Now that the EU has granted UK prime minister Theresa May a six-month Brexit delay, the bloc’s leaders have expressed their hope that the UK can use the time to make up its mind, and allow them to get on with other important business.
That may be too much to ask.
The postponement of Britain’s scheduled departure day from April 12 to October 31 is shorter than many countries wanted. There are important milestones that will inevitably bring Brexit back on the agenda — and possibly determine the fate both of Mrs May and the UK’s bid to leave the EU.
May 2: UK local elections
With the Conservative party fearing a hiding from the electorate for its failure to deliver Brexit, poor results in these polls will fuel Brexiters’ resolve to topple the prime minister.
May 9: EU summit, Sibiu, Romania
The plan for this summit, conceived by European Commission president Jean-Claude Juncker, was for the EU’s remaining 27 leaders to set out a positive future agenda in the wake of the UK’s departure. But the meeting will now take place before Brexit occurs — and EU officials are pondering what to do if Mrs May decides to attend.
May 22 or before: One more push for May’s deal
Mrs May asked the EU for more time because MPs’ voted down her exit deal three times. Getting the House of Commons’ approval for the draft treaty is still a big challenge — unless talks between the governing Conservatives and the opposition Labour party produce a breakthrough.
But the prime minister still hopes the deal can be approved and ratified before May 23, so Britain can avoid holding elections to the European Parliament that day. This is widely seen as a long shot.
May 23: European elections
Mrs May faces the indignity of having to lead her party in the European Parliament elections almost three years after the UK voted to leave the EU.
This was something she swore never to do, but has had to accept as a side effect of avoiding a no-deal exit. The EU has ruled that if Britain has not ratified the withdrawal treaty by May 22, it must hold the elections. Early opinion polls show the Conservatives trailing Labour in the race.
In June 2017, Mrs May said she would only serve for as long as her party wanted her to stay. May 23 could be the moment it becomes clear she is unable to carry on.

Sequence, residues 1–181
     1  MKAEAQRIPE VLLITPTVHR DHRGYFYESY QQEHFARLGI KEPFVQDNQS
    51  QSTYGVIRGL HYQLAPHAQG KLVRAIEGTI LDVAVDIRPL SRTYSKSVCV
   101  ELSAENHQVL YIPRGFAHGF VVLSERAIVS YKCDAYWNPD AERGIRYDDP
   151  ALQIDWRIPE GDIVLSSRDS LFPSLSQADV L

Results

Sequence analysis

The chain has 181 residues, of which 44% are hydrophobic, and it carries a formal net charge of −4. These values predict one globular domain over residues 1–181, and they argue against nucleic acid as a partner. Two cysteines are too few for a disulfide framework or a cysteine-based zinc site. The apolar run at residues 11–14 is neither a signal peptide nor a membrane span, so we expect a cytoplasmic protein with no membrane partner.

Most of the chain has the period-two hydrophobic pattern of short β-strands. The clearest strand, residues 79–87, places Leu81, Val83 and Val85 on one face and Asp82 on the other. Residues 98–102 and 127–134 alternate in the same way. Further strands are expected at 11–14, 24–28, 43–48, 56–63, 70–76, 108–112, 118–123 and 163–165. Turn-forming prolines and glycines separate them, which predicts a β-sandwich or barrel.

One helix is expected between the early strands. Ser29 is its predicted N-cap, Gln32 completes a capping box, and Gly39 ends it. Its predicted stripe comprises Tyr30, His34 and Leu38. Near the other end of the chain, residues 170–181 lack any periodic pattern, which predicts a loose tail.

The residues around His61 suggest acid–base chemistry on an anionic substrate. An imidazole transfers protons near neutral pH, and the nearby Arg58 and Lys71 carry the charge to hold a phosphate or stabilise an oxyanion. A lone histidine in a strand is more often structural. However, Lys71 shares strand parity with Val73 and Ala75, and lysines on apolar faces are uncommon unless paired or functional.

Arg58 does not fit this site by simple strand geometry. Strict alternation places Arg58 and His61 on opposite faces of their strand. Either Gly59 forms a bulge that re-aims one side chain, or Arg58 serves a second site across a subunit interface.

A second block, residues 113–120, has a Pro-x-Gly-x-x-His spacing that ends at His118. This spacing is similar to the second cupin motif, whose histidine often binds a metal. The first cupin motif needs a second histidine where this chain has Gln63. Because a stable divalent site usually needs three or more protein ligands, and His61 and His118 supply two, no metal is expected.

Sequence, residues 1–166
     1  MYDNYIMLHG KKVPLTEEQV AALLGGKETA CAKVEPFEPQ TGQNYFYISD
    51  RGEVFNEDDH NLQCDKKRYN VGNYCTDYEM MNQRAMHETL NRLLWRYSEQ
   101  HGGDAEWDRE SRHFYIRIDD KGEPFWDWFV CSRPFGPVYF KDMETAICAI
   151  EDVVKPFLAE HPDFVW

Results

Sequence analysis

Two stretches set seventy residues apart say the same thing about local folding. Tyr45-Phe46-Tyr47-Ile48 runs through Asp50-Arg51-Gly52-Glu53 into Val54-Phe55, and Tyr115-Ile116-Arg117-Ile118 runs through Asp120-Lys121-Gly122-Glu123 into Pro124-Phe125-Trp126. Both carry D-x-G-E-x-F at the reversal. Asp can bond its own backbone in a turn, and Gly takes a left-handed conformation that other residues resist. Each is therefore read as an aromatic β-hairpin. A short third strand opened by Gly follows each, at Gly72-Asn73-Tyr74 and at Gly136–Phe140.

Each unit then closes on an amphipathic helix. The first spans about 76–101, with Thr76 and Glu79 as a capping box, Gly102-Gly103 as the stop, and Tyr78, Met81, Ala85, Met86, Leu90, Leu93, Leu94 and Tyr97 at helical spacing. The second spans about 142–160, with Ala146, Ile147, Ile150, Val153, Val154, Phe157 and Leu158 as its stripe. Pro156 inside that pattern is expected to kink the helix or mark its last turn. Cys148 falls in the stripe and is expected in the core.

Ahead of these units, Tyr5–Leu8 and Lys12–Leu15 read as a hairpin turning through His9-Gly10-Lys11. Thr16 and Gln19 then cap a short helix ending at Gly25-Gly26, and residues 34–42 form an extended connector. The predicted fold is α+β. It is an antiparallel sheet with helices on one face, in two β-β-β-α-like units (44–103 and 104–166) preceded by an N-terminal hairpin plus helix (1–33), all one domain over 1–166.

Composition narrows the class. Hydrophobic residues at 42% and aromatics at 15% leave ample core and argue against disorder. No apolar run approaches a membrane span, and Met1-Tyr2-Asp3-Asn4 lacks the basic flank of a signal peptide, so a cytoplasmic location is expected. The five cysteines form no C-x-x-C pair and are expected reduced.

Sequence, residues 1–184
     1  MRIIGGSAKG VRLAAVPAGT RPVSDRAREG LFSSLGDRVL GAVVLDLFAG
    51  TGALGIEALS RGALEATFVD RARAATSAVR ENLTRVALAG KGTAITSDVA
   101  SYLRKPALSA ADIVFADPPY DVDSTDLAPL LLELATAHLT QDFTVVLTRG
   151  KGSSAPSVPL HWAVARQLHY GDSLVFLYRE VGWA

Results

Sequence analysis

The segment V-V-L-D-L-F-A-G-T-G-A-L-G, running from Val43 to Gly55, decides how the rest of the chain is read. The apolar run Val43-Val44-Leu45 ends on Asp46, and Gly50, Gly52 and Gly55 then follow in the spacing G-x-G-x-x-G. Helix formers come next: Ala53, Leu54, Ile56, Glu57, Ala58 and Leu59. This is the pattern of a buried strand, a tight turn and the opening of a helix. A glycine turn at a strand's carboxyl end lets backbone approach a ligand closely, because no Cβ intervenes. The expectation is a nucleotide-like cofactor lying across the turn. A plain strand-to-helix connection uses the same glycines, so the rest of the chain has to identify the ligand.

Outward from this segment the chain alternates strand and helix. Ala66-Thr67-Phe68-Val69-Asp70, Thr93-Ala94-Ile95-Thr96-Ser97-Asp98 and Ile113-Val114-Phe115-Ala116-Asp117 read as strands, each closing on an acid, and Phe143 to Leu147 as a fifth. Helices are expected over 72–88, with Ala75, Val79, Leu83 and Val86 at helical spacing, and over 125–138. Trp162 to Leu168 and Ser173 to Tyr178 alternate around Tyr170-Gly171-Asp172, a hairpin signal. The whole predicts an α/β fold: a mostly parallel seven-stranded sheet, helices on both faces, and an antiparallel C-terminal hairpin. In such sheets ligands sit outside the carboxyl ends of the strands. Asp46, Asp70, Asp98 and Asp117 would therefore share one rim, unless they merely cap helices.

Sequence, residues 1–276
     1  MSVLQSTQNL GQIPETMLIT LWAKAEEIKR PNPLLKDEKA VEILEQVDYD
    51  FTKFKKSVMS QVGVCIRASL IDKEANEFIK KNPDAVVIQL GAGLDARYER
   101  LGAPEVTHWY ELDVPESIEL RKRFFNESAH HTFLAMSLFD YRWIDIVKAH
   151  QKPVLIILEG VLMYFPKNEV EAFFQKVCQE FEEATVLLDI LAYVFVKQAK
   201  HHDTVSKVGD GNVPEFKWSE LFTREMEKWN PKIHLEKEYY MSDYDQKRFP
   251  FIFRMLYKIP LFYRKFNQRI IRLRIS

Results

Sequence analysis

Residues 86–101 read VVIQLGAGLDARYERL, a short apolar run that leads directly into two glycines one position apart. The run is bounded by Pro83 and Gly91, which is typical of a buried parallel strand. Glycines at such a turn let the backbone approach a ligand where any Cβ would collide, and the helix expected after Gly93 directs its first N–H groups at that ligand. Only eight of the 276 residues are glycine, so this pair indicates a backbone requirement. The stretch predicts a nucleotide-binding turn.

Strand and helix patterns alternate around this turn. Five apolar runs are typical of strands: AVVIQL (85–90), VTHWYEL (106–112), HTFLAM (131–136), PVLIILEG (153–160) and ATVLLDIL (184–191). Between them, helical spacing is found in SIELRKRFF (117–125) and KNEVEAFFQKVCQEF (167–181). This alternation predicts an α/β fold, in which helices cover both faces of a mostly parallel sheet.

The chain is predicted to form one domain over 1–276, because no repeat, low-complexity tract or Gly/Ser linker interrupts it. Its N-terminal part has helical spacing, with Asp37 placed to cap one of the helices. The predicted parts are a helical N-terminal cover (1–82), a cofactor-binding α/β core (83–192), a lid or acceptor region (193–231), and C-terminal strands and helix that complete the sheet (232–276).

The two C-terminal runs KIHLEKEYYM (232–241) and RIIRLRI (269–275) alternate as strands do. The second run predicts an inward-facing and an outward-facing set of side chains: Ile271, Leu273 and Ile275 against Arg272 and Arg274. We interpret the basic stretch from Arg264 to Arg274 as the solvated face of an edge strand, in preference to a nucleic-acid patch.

June 1: Possible exit
If the UK does not hold European Parliament elections in May, it will leave the EU on this date, with or without a deal.
Under the terms of the EU’s decision this week, which has the force of law, if both the UK and the bloc ratify the treaty at any point before the scheduled exit date of October 31, “the withdrawal will take place on the first day of the following month”.
So if the UK prime minister manages to win Commons backing in May, Britain would leave with a deal on June 1, beginning a transition period under which much of the status quo will remain the same
If MPs still do not back Mrs May’s deal, but no elections to the European Parliament have taken place, June 1 will mark a no-deal exit.
But, at present, this scenario also appears unlikely. Despite Mrs May’s desire to cancel the European elections, Britain has begun preparations to hold the poll.
June 20 to 21: EU summit, Brussels
Leaders have pledged to take stock of Brexit progress at their June meeting, but are already playing down the importance of the review.
The stocktaking exercise was largely agreed as a sop to France’s president Emmanuel Macron, who argued for a short Brexit delay to force Britain to a moment of decision. But EU chiefs have made clear that the June review is not another “cliff-edge” moment in which the UK could crash out of the bloc.
“June is not for decisions about extension, and my intention is even not to discuss, but only to inform the member states about the current situation,” said Donald Tusk, president of the EU Council, on Wednesday night.
An EU diplomat put it more bluntly: “Leaders will ask ‘Are they still here? Yes. On to October’.”
In the meantime, the bloc’s leaders will have a charged agenda, as they meet to decide the presidencies of the European Commission and the European Council of member states.
At this week’s summit they secured guarantees from Mrs May of “sincere co-operation” — a pledge not to disrupt such crucial EU business.
September 29 to October 2: Conservative party conference, Manchester
Few believe Mrs May will be able to hold on in Downing Street until the autumn. If she does, there will be enormous pressure on her to resign in time for a leadership contest to take place by the time of the party’s annual gathering.
This could be the moment a Eurosceptic is crowned leader, inaugurating a new approach to Brexit, possibly including a no-deal exit.
October 17 to 18: EU summit, Brussels
This is the last scheduled EU summit before the UK’s departure day. Like the bloc’s March gathering, it could be hijacked by Brexit.
October 31: Brexit day?
EU leaders insist that, by this point, the UK must choose whether to ratify the exit treaty, opt for a no-deal Brexit, or cancel its departure.
The deadline is not arbitrary. As Mr Macron pointed out, the end of October begins a new five-year political cycle in Brussels, as a new European Commission takes office.
Keeping a UK seat around the table at such a time would be a challenge to say the least. Nevertheless, many leaders at this week’s summit were willing to delay Brexit until the end of the year or even March — an indication that a further postponement cannot be completely ruled out.
“Our wish and our hope is the UK will be ready with the final solution at the end of October,” Mr Tusk said. “But I’m too old to exclude another scenario.”